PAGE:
but avoid doing so where it recedes into the middle ground as this will distract attention. size 2 • A sheet of Bockingford 300gsm NOT watercolour paper • A 2B pencil • Masking fluid • Kitchen roll 1 2 3 4 5 6 3 Hold the paper flat. Pick out some of the nooks and crannies in the wall with French Ultramarine and Neutral Tint. paint the shadow cast by the wall. describing the angle at which the land lies. Winsor Blue Green Shade. Sap Green. The posts are a mixture of French Ultramarine and Transparent Oxide Brown as are the twigs and grass stalks that push through the snow. 4 The dark granite wall provides essential contrast in the mostly-light painting. Paint it with variegated mixes of French Ultramarine and Burnt Sienna or French Ultramarine and Transparent Oxide Brown. Burnt Artists & Illustrators 69 . rigger brush. paint in the snow on the wall tops. 6 Remove the masking fluid. Raw Sienna with Burnt Sienna. Be careful not to make the tones of the distant features too strong. Permanent Rose and Winsor Blue. Permanent Rose. Raw Sienna. 5 With a well-pointed size 6 sable brush. With a mix of French Ultramarine. various brands • Permanent White Winsor & Newton Designers Gouache • A pointed colour shaper or fine nylon brush • Sable brushes. add some white gouache to the sides and tops of the posts and add some indication of wire with a size 2 rigger and a fairly dry mix of Burnt Sienna and French Ultramarine. With a damp brush soften some of the sharpedged shadowed areas. Pay particular attention to the right-hand edge: the shadows must sit ‘flat’ upon the plane of the field. sizes 6. all artists’ quality watercolours. Keep the brush quite dry and add some texture to the area above the main wall. Finally. begin to add structure and detail to the distant hills. www. With the same mixture of French Ultramarine and Permanent Rose used for the wall shadow. and Sap Green with French Ultramarine to paint in the trees and Create texture by flicking darker mixes onto the stones as they dry. Use mixtures of French Ultramarine with Transparent Oxide Brown. The chosen mix will granulate and add texture to the snow.moortoseaarts. Within the shadowed area add stronger mixes of blues and purples to add interest. shadowy edges of the snow to indicate its depth.m a s t er c l a s s ROB’S MATERIALS • French Ultramarine. Pay close attention to the rounded. Neutral Tint and Transparent Oxide Brown. 10 and 12. leaving a few unpainted patches for brightly lit areas.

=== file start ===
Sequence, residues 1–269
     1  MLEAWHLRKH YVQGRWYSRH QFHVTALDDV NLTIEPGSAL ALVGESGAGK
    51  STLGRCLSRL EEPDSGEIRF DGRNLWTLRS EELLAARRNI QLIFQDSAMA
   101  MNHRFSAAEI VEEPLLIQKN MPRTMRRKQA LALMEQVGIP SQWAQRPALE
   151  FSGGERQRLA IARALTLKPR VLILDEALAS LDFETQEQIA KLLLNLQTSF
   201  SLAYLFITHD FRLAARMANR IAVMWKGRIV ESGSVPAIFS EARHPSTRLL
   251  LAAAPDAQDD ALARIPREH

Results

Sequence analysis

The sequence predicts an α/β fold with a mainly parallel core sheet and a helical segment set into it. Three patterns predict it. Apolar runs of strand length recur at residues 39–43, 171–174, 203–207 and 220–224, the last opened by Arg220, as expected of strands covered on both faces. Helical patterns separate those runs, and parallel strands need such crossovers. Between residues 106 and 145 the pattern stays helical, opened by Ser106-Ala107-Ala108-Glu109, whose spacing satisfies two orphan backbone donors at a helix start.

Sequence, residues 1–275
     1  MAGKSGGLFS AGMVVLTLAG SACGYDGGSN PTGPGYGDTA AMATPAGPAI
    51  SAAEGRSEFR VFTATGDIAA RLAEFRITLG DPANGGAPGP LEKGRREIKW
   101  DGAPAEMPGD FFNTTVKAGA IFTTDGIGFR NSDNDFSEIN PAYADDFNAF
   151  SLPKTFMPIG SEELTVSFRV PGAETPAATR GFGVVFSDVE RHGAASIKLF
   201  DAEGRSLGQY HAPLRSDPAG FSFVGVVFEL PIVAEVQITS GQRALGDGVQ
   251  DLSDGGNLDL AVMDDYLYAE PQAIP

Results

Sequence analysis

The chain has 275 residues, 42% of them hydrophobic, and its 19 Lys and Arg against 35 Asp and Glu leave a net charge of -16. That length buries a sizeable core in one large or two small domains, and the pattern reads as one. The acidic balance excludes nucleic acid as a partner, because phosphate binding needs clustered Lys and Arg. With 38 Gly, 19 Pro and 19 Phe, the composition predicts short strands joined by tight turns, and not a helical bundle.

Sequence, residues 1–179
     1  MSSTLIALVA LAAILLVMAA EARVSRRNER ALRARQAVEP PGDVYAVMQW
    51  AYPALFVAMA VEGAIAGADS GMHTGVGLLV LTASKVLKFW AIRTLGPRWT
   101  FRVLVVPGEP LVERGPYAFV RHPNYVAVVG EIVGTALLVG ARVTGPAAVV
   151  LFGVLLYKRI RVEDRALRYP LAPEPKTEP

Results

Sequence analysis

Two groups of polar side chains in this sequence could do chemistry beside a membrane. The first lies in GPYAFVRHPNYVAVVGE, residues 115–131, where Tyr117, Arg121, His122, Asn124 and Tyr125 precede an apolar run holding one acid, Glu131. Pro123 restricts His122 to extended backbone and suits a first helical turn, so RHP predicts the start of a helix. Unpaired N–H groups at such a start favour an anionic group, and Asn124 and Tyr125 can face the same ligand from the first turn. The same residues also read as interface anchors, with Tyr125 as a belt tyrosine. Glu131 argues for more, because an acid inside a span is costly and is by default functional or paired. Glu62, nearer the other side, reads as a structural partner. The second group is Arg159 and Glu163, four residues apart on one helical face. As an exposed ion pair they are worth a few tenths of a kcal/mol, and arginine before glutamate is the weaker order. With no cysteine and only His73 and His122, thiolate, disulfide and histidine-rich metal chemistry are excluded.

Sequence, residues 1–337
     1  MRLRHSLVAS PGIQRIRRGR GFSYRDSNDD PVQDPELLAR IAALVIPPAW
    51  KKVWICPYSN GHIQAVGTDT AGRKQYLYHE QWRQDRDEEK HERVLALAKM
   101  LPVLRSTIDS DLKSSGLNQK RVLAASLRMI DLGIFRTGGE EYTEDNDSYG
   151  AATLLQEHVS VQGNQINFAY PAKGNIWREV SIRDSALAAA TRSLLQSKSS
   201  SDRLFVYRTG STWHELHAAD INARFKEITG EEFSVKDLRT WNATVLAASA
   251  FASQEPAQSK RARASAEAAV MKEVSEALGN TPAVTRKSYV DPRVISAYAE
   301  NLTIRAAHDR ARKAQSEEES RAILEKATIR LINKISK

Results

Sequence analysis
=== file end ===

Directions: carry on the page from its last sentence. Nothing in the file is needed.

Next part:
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m a s t er c l a s s yo u r q u e s t i o n s portrait commissions the mall Galleries’ head of c ommissions. AnnAbel elton. and p ortrait artist sAm DAlby answer your queries about dealinG with clients and sit ters .